Very few know the name, Chancellor Lee Adams, who turned 18 the other day.
More know the name of his father, former University of Colorado football standout and Carolina Panther Rae Carruth. Carruth was the Panthers’ 1st Round draft pick in 1997 and was making $40,000 per game in the NFL on November 15, 1999, when everything changed.
You see, football star Rae Carruth decided he had a problem. His girlfriend, Cherica Adams, was pregnant. And for Carruth, who already had a child by another woman, this was an untenable situation. He told her she needed to get an abortion because he didn’t want to pay more child support.
In fact, Carruth already paid for an abortion for yet another woman, so he knew what he was asking of Adams.
Cherica Adams refused. She chose life.
Carruth threatened Adams, telling her “Be careful when you come to Charlotte to watch me play football because something could happen to you.”
On that night in November of 1999, something did. Carruth and Adams went to a movie, driving in separate cars. Carruth pulled over on a secluded road, Adams followed Carruth’s lead. It was then that Van Brett Watkins—Carruth’s hired hit man—pulled up and shot five bullets into Adams’ car. She was hit four times.
Adams had her cell phone with her. Her 911 call provided all the evidence needed to convict Carruth in the plot.
Cherica Adams was 30-weeks pregnant with Chancellor Lee, delivered as Cherica fought for her life, a battle she would lose a few weeks later.
Today Chancellor Lee struggles with brain damage because of that fateful night, but he is a picture of joy to those who know him. His grandmother, Saundra Adams, raised Chancellor Lee and speaks to groups—including many in prisons—regularly.
Scott Fowler of The Charlotte Observer tells Chancellor Lee’s and Saundra’s story perfectly here; a story of forgiveness and hope, yet also a story of a father who refuses to admit his role as a killer, who awaits his release from prison next year.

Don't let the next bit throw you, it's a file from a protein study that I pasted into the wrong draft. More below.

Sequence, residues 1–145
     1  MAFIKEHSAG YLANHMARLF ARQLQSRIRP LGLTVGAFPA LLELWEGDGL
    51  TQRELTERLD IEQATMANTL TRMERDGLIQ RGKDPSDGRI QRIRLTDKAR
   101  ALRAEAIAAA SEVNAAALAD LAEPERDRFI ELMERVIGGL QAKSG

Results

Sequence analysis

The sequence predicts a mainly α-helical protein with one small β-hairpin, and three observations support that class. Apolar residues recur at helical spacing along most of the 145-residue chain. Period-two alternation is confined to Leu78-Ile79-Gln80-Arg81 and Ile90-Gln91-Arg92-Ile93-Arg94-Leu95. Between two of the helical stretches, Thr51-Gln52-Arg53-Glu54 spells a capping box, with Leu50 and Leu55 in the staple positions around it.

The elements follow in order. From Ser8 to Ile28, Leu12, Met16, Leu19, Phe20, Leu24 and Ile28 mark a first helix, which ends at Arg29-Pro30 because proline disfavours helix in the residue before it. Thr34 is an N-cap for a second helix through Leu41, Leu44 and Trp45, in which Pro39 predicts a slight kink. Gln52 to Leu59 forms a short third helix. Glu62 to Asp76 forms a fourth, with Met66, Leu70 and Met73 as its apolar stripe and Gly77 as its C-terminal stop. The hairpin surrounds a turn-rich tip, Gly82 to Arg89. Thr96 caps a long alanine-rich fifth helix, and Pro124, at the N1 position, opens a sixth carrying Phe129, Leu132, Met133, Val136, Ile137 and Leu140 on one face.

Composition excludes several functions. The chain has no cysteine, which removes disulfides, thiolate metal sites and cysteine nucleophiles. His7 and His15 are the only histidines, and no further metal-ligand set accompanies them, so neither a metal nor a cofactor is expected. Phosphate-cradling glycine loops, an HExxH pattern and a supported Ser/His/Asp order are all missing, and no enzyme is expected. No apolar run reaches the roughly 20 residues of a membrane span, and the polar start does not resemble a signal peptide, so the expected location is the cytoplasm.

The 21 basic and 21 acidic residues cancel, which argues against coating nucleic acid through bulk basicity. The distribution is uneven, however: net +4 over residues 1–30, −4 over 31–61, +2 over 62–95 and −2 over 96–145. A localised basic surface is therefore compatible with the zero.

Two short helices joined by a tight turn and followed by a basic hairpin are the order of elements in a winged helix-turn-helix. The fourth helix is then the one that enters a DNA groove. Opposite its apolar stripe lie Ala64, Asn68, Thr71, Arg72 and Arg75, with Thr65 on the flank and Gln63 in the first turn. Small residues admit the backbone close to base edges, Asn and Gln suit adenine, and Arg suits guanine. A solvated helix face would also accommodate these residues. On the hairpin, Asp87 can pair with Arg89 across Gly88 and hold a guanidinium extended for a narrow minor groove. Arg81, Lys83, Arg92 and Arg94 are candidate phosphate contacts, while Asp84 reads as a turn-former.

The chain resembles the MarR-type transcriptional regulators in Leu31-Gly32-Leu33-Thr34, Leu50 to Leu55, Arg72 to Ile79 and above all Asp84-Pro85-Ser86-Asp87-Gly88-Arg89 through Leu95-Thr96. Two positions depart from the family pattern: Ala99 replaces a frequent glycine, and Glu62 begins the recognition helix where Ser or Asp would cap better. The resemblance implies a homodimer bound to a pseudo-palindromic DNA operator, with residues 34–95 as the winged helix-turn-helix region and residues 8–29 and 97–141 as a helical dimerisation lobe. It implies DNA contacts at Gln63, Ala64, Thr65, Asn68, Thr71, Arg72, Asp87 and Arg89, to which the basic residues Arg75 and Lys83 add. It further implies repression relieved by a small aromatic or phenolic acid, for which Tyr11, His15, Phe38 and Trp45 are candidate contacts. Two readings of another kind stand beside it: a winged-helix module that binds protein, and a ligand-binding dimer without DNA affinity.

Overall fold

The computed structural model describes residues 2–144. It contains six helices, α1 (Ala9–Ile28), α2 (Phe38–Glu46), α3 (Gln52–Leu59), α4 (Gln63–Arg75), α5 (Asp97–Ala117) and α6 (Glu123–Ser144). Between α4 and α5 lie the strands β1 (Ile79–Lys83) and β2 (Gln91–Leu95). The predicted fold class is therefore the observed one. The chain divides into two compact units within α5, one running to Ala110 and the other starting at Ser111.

For pregnancy help ministries, Rae Carruth’s story is one often overlooked. We are told by those who oppose our work that men pressuring women to abort a child is “nothing to see here.”
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We don’t know all the motivations behind Rae Carruth’s murder of Cherica Adams, but we do know:
In 1999, abortion was (and still is, of course) easily accessible.
In 1999, abortion was (and still is) seen as a back-up form of birth control.
In 1999, Rae Carruth (just like many men today) saw abortion as a reasonable, simple option to avoid being a father and paying child support. He had the money, he just did not want the hassle of a child.
When Cherica Adams chose life over abortion, Rae Carruth had her killed.
This is not a story of how abortion caused a murder. No, Rae Carruth caused a murder.
But may we ask, “Where was the pro-choice crowd when Cherica Adams was murdered because she chose life?”
Or, “When was the last time we heard of an abortion clinic refusing to do an abortion because it believed a woman was being pressured into this choice?”
Perhaps this has happened, and I just don’t recall. But while abortion centers seem focused on trying to enact laws forcing our ministries to refer for abortion, do they have signs in their lobbies to help those pressured into abortion choose life instead?
Chancellor Lee Adams is 18 and understands as much as he can. Yet thankfully, he may never know his cerebral palsy and brain damage is the result of a father who wanted to take his life before he had a chance to take his first breath.
His father’s scheme failed. But Chancellor Lee lives on, a tribute to a mom who believed he was worth her own life.
When someone talks to me about “choice,” I’ll remember Cherica Adams, Chancellor Lee Adams and his grandmother Saundra. Each made a choice about life, and each made the right decision.